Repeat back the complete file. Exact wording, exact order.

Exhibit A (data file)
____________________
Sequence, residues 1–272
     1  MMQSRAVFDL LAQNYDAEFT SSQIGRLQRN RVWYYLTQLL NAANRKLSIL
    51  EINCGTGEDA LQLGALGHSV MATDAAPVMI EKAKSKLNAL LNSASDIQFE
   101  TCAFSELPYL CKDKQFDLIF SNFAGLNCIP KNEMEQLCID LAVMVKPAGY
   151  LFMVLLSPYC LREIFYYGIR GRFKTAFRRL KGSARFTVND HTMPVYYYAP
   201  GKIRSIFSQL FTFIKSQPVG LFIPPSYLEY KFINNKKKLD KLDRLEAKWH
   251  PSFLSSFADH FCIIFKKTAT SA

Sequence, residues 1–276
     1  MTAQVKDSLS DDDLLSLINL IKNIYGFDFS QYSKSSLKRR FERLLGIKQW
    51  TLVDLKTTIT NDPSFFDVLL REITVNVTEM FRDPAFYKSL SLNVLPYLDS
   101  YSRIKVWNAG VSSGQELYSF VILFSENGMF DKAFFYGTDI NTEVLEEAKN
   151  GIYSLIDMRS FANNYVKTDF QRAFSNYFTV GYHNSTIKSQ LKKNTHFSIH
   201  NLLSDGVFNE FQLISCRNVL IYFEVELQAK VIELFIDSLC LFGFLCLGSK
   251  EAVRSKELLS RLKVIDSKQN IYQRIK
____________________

Sequence, residues 1–272
     1  MMQSRAVFDL LAQNYDAEFT SSQIGRLQRN RVWYYLTQLL NAANRKLSIL
    51  EINCGTGEDA LQLGALGHSV MATDAAPVMI EKAKSKLNAL LNSASDIQFE
   101  TCAFSELPYL CKDKQFDLIF SNFAGLNCIP KNEMEQLCID LAVMVKPAGY
   151  LFMVLLSPYC LREIFYYGIR GRFKTAFRRL KGSARFTVND HTMPVYYYAP
   201  GKIRSIFSQL FTFIKSQPVG LFIPPSYLEY KFINNKKKLD KLDRLEAKWH
   251  PSFLSSFADH FCIIFKKTAT SA

Sequence, residues 1–276
     1  MTAQVKDSLS DDDLLSLINL IKNIYGFDFS QYSKSSLKRR FERLLGIKQW
    51  TLVDLKTTIT NDPSFFDVLL REITVNVTEM FRDPAFYKSL SLNVLPYLDS
   101  YSRIKVWNAG VSSGQELYSF VILFSENGMF DKAFFYGTDI NTEVLEEAKN
   151  GIYSLIDMRS FANNYVKTDF QRAFSNYFTV GYHNSTIKSQ LKKNTHFSIH
   201  NLLSDGVFNE FQLISCRNVL IYFEVELQAK VIELFIDSLC LFGFLCLGSK
   251  EAVRSKELLS RLKVIDSKQN IYQRIK